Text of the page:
Poverty and indigenous heritage: any possible link?
The incidence of poverty among the indigenous population doubles those whose native language is Spanish in Latin America. One more fact, the Demographic and Family Health Survey (Endes) of 2014 indicates that only 19.9% of the native pregnant women received prenatal care, while 90.7% of non-indigenous pregnant women did. Like these, other indicators lead us to the same conclusion: the gaps in access to public services between the indigenous and non-indigenous population are immense.
These figures oblige us to recognize that in Latin American certain populations due to their ethnic grouping have not had equal access to opportunities such as education, health, water and sanitation or electricity. This without entering to discuss the quality of the services to which they have access and the adequacy to their own culture. The recent World Bank report "Indigenous Latin America in the 21st Century" concludes that the birth of indigenous parents markedly increases the probability of growing up in a poor household, which impedes the full development of indigenous children and anchors them in poverty .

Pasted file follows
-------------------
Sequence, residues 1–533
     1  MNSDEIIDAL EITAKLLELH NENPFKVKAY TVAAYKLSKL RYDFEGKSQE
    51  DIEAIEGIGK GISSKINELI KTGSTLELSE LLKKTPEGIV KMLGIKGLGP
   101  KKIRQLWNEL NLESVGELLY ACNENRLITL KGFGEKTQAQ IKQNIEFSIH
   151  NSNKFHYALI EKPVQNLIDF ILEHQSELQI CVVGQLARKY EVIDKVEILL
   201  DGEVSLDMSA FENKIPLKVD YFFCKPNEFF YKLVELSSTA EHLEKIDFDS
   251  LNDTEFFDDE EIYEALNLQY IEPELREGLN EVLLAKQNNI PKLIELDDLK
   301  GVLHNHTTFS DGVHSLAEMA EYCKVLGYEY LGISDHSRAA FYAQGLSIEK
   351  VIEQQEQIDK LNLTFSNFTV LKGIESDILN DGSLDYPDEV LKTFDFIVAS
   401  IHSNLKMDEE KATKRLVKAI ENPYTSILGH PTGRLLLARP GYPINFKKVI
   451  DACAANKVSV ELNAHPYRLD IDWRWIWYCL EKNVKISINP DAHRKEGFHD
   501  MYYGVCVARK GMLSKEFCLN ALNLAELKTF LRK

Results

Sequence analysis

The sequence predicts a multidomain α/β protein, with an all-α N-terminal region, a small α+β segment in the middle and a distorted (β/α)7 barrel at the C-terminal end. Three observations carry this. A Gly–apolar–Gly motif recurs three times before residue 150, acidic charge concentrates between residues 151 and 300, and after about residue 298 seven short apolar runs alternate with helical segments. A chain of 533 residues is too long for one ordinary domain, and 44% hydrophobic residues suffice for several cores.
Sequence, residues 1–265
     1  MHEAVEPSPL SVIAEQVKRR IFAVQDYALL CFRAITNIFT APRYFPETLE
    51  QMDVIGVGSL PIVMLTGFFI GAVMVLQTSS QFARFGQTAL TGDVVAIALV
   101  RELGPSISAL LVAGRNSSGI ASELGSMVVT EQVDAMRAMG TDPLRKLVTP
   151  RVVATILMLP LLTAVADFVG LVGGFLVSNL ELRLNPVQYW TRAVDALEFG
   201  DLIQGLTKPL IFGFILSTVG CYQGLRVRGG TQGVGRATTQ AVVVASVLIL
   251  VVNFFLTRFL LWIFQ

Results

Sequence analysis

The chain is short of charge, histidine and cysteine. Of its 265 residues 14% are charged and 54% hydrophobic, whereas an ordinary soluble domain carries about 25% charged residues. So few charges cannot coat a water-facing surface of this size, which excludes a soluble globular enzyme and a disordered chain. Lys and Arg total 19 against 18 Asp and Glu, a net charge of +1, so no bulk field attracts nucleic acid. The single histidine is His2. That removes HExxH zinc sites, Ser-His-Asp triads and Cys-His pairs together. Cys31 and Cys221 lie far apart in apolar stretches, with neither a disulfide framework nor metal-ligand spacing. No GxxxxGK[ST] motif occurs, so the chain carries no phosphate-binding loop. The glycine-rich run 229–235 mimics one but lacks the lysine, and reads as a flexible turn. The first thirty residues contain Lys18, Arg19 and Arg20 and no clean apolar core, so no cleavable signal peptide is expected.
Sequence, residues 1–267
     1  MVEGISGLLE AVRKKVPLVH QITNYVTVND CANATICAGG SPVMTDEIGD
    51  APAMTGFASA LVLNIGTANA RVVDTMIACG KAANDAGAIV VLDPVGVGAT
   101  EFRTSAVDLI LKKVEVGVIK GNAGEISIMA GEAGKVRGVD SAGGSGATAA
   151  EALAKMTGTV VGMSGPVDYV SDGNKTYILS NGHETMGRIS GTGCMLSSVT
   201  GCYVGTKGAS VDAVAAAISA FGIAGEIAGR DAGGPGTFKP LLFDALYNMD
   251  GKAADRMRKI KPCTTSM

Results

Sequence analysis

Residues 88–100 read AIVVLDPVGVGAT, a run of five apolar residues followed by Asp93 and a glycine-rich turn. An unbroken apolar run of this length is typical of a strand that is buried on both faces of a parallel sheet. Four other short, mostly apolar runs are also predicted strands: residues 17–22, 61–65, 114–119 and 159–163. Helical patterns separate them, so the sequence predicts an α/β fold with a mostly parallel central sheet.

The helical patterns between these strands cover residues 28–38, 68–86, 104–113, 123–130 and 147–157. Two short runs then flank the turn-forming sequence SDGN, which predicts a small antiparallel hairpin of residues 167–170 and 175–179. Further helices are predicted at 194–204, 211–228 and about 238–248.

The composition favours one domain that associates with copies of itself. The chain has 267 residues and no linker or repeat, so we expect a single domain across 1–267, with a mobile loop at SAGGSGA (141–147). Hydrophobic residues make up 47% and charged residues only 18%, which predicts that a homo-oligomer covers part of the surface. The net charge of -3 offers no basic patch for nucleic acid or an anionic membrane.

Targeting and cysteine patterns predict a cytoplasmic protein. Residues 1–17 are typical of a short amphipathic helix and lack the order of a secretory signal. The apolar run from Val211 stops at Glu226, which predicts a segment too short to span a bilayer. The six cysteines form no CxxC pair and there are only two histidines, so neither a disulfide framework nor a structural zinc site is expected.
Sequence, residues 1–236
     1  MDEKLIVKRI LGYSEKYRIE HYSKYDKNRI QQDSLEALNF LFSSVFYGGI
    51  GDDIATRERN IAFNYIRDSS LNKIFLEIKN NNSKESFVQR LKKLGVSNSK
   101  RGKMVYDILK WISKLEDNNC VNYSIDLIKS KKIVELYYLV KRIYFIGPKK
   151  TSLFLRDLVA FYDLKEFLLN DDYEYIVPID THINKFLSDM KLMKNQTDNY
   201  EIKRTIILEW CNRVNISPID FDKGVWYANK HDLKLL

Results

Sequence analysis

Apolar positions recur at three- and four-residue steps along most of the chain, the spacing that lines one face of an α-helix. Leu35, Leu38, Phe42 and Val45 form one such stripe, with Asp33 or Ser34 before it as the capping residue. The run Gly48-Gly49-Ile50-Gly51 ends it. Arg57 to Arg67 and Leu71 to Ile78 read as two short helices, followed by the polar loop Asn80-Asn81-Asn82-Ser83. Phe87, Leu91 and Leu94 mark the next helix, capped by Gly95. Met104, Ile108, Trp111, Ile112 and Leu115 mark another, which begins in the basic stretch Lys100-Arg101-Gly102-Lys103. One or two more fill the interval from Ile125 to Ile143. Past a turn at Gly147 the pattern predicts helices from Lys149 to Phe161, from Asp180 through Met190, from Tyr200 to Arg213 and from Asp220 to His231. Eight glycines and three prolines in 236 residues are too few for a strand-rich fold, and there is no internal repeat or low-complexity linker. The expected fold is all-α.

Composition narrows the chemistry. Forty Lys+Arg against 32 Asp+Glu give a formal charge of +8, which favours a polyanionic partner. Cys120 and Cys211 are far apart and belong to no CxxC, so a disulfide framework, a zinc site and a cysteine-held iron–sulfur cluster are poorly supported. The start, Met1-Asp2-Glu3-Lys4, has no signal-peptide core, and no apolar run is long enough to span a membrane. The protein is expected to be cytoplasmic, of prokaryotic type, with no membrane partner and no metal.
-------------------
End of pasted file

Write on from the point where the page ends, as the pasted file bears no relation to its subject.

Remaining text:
That is why when it comes to setting goals in order to reduce poverty, we must consider the design of particular policies and mechanisms to address it. It is necessary to innovate in the social policy to respond to contexts of high geographic dispersion, low population density, with economies outside the market - due to the costly and low production - and where day-to-day is overcome with traditional activities such as Hunting and fishing.
How to do it? First assuming differentiated costs; Vaccinating an indigenous child will cost much more than a child in another part of the continent. Second, recognize that figures on ethnic groups are subsumed in the averages of the district, province or region.
Third, it is necessary to take into account the ethnic variable in politics and social programs. This implies that institutions intervene from the conviction that state actions do not have the same impact and acceptance in all cultures.
Fourth, the cultural richness of these peoples must be considered as an asset for their development. Ancestral knowledge of people in agricultural technology, livestock management, forestry or water management does not currently imply any economic benefit to them and are not considered as assets that can be used for income generation.
Latin America cannot reach full development by maintaining these exclusions, nor continue to cover up the indigenous face of poverty. If we do not innovate and bet on differentiated policies, we will witness the slow and silent disappearance of our indigenous peoples.